Early Decision Commitment: 5 Signs that You’re Not Ready
Are you read to apply early decision? Here are five signs that you're not.
By Kathryn Knight Randolph
October 27, 2011
By now, you’re probably familiar with early decision deadlines in the admissions process. And if you’re not, it’s a pretty simple concept.
If you apply early decision to a school by submitting your application before the ED deadline, you are letting that college know that if you are accepted, you are 100% committing to that school. Essentially, the decision is binding and a submitted application is your way of saying, “Yes, I am definitely attending this school if I’m accepted.”
It may seem like a tempting option, especially when more students than ever are waitlisted or rejected from their first choice schools during the admissions process. But early decision isn’t for everyone. In fact, it’s for very few.
5 Signs that You’re Not Ready to Apply Early Decision
You have a second favorite school. Is there a nagging whisper about your second choice school in the back of your mind? It may not seem like it, but November to January or February, when regular decision deadlines occur, is plenty of time to change your mind about your first choice school.
If you’re applying early decision, you want to be 100% sure that you’re ready to commit to that school because once you are accepted, there is no backing out.
Your grades for this semester are looking up. First off, congrats! Way to give senioritis the cold shoulder and demand more from yourself this last year in school. Second, the fact that your grades are outstanding will not only impact your GPA but could possibly have a positive effect on your merit award money. Cha-ching!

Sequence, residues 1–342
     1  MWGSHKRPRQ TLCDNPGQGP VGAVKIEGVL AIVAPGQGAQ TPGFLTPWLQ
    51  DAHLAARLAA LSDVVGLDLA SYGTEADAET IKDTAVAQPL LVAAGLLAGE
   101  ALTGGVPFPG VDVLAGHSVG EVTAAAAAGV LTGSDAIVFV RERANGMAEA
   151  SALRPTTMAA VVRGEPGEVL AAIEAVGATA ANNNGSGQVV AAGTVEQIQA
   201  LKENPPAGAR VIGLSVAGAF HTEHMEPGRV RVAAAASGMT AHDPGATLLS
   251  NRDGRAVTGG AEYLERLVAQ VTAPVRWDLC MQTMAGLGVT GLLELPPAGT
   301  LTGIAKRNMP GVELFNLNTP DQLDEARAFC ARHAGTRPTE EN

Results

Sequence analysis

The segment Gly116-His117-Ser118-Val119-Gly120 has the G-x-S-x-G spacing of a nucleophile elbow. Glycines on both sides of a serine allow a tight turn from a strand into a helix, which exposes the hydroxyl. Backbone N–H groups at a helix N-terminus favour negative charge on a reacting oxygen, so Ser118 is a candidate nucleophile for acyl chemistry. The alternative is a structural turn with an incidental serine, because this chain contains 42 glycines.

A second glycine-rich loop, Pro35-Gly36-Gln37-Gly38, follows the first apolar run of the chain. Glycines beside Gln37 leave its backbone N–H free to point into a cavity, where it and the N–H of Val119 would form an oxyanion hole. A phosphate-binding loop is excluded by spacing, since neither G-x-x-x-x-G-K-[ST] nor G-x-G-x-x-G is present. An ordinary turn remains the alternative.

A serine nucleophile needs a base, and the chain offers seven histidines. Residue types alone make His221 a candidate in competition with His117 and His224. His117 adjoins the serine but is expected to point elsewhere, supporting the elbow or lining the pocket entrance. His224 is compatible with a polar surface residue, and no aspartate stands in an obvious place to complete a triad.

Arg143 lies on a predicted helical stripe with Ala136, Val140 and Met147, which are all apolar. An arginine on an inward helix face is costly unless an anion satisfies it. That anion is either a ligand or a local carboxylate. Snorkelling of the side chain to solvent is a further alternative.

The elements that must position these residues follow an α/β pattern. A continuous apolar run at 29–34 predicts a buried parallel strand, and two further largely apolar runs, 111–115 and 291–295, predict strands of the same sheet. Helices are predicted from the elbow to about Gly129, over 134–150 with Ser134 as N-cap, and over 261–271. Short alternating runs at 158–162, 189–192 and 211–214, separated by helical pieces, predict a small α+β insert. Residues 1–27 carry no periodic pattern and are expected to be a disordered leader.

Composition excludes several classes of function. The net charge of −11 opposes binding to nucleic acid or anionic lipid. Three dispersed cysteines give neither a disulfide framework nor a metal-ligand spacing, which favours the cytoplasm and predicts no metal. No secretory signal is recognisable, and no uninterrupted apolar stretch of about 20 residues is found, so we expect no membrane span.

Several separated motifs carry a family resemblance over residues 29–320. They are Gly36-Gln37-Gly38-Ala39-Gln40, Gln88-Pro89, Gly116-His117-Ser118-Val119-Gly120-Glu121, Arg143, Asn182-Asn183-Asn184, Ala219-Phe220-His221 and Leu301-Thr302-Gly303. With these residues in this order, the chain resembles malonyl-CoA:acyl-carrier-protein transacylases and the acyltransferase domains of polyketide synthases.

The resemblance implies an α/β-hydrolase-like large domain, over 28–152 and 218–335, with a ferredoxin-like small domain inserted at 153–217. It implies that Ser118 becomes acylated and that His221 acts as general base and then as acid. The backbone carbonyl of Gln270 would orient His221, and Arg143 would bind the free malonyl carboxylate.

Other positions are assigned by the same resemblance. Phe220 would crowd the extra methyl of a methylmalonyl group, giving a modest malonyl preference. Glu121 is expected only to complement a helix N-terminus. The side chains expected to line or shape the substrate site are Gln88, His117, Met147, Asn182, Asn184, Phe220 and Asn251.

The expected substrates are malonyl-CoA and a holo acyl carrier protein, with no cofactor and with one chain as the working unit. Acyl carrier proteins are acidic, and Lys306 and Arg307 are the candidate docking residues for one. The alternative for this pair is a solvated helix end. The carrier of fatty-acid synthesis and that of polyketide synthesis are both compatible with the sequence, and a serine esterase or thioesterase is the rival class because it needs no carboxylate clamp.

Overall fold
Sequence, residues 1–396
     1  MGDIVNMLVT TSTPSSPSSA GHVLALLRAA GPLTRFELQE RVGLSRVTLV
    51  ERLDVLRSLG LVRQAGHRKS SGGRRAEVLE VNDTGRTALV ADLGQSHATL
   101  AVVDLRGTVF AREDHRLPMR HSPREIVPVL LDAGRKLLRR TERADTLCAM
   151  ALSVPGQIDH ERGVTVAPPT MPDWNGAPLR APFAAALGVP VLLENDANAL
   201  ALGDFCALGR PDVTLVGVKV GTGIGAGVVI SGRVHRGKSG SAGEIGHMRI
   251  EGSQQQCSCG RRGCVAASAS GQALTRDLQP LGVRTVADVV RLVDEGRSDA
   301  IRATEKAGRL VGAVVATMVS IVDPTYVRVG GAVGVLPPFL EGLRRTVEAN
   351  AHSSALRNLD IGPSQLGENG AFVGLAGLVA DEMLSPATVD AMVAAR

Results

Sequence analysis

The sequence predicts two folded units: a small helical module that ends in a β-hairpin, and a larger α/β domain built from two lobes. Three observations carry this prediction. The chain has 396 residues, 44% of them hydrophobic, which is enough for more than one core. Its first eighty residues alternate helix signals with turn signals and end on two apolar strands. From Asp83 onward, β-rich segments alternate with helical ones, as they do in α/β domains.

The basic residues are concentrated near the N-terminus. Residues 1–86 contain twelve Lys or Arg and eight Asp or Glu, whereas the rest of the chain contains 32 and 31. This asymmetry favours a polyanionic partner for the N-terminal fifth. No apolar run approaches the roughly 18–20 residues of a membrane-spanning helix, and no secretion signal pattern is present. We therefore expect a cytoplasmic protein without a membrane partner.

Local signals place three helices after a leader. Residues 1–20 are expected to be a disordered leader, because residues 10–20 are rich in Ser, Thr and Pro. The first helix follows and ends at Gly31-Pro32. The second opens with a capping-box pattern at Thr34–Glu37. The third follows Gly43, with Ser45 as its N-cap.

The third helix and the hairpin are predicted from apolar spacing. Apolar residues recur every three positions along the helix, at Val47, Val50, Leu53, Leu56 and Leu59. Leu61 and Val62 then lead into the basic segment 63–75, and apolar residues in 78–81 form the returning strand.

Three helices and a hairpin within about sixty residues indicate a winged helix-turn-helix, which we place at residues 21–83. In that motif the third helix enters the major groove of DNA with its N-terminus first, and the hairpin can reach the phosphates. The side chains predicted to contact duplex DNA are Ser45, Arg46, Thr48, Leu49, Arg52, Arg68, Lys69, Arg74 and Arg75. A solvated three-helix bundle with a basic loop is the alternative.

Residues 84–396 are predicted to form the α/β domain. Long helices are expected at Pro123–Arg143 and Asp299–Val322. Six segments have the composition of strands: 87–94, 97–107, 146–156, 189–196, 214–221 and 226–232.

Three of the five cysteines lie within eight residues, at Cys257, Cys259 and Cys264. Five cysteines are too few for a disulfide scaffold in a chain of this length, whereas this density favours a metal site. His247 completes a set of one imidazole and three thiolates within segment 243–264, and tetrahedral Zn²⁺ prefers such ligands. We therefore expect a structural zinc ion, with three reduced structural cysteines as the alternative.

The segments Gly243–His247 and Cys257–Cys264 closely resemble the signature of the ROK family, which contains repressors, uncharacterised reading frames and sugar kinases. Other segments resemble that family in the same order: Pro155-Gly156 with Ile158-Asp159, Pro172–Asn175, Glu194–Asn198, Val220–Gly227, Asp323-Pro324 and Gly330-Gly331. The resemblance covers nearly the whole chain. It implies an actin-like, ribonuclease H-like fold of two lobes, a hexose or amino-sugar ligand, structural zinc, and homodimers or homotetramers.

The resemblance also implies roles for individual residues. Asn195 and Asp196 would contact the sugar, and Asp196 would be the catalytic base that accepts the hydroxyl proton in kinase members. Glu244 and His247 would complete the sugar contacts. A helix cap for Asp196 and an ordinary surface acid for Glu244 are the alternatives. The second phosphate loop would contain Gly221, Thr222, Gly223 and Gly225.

Submitting your application now with a lower GPA could mean getting less in scholarships from your school of choice. So if your grades are on the upswing, consider applying in late December or early January. It could make a thousand dollar difference…or more!
Your college decision depends a lot on financial aid. Nearly every college student has to consider cost when making his or her final college decision, and if you want the ability to compare financial aid packages, then early decision isn’t for you.
A more expensive college might surprise you with their large financial aid package. Or that state school might be the more practical option when compared to others. In sum, don’t lock yourself into paying for a school that might be financially unrealistic – allow yourself to have options if you need them.
You just took an interest in this school. You know what they say, “It’s easy to fall for a campus in the fall.” Maybe you toured campus at the beginning of October and it was love at first sight.
Don’t let your initial wanderlust for a school cloud your thinking. If it was that easy to fall in love with a school, it could be that easy for the school to fall off of your radar.
You have never visited the school. Hold up – are you crazy?! You need to really know a school if you’re going to commit to an early decision deadline. If you haven’t ever visited the school, how can you be 100% sure that it’s the right fit?
Before you make any final college decision, you should visit the college campus. Tour the grounds, meet with an admission officer, sit in on a class and maybe even spend the night in the dorms with the current freshmen.
Bottom line, you need to be sure of what you want when applying early decision. If your gut is holding you back; there is a reason. Just wait for the regular deadline.